202402211Date and Time: Wednesday, February 21, 2024  10:30 -13:35

Venue: Konoyama Elementary School (audio-visual room, each classroom, gymnasium)

Target: 6th graders (classes 1-3)

Lecturers: Ms. Masayo Yamaguchi, Mr. Aseri Masivou (from Fiji), Mr. Viliami Lutua Ahofono (from Tonga) (No. 23-20)

AIRA received a cooperation request from Konoyama Elementary School to send lecturers for a program with the aim of "nurturing leaders of a global society by listening to the experiences of people living and working abroad, and helping to expand the perspective to step into the world in the future by being exposed to different cultures." AIRA introduced three lecturers for this purpose.

The program consisted of a lecture for all 6th graders, followed by country-specific lectures for three classes, and interaction during “Exchange Time”.

<Lecture: "The Life of the Iranian People">

Ms. Yamaguchi lived in Iran from 2002 until she returned to Japan in 2023. She lives in Abiko city now. She talked about the "life of the Iranian people" based on her experience of living in Iran for 20 years. She gave lectures, using images, on Iranian folk crafts (textiles, camel decorations in “the Arabian Nights”, etc.), climate, religion, architecture, customs such as year end's and New Year's cleaning, and food. She explained them to the students with their familiar examples.

(Example) “The Arabian Nights” are Iranian stories. Pajamas (pay/legs + jama/cloth), cucumbers(胡瓜), sesame (胡麻), and walnuts (胡桃) came from Iran.

*Kanji character '胡’ referred to the Sogdian people of Iranian origin west of Pamir.

She also explained the differences in education between Japan and Iran.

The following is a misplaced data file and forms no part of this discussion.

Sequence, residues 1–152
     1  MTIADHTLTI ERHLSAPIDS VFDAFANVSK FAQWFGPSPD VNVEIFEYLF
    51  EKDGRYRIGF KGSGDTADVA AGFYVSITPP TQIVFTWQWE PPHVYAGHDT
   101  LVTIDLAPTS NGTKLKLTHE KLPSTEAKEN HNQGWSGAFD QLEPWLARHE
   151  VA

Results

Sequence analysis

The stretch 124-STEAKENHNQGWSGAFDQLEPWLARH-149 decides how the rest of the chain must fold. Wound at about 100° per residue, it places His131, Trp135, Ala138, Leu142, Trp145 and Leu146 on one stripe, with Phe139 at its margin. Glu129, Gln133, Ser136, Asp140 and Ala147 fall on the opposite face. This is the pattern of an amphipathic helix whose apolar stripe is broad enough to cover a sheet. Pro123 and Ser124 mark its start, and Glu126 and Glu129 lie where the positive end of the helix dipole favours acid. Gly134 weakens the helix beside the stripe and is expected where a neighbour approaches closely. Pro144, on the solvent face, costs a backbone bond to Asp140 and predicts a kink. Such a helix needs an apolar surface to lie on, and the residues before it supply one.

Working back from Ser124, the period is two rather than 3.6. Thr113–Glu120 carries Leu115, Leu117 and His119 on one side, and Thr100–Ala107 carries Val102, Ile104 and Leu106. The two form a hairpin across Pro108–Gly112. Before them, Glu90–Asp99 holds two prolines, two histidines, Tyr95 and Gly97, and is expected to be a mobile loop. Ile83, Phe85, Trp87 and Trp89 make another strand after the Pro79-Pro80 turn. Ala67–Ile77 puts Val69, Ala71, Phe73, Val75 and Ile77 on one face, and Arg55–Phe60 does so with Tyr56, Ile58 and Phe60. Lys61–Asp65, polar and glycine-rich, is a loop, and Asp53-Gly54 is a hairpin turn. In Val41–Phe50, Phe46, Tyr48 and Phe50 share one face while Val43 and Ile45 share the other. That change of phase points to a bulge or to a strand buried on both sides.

(Example) From elementary school through high school, boys and girls are educated separately, and university is coeducational. The school year starts in September, and ends in June of the following year.

<Country-specific Lectures>

1. Ms. Yamaguchi: About Iran

She introduced things related to daily life; for religious reasons, dogs are considered unclean and are not kept. But parakeets are kept.; and Iranians are very good at emotional expressions.

2. Mr. Aseri: About Fiji

He introduced his experience of living in New Zealand from the age of 15 to play rugby and study. He talked about the life and food with images. Some students asked him how long he practiced rugby and why he chose Japan.

3. Mr. Viliami: About Tonga

He introduced his career of joining NEC Green Rockets Tokatsu after graduating from a Japanese university. He also used images to talk about the life and culture of Tonga, where coconut milk is used to flavor dishes. To a question from a student, "Why are you so tall (186 cm)?", he gave a unique answer, "Drinking coconut milk made me tall."

<School Lunch Experience and “Exchange Time”>

The lecturers ate school lunch with the children. The rugby players ate it up deliciously.

During “Exchange Time” after lunch in the gym, some students experienced catching a rugby ball while they were lifted-up at the lineout. There were so many applicants who wanted to try it that they chose the participants by rock-paper-scissors. They had a fun time interacting with each other.

Many sixth graders said that they became interested in foreign countries after hearing about foreign foods, lifestyles, and customs. It seems that they were able to contribute to the purpose of the program, which was to "help expand the perspective to step into the world in the future."

(Translated by Rie Hama)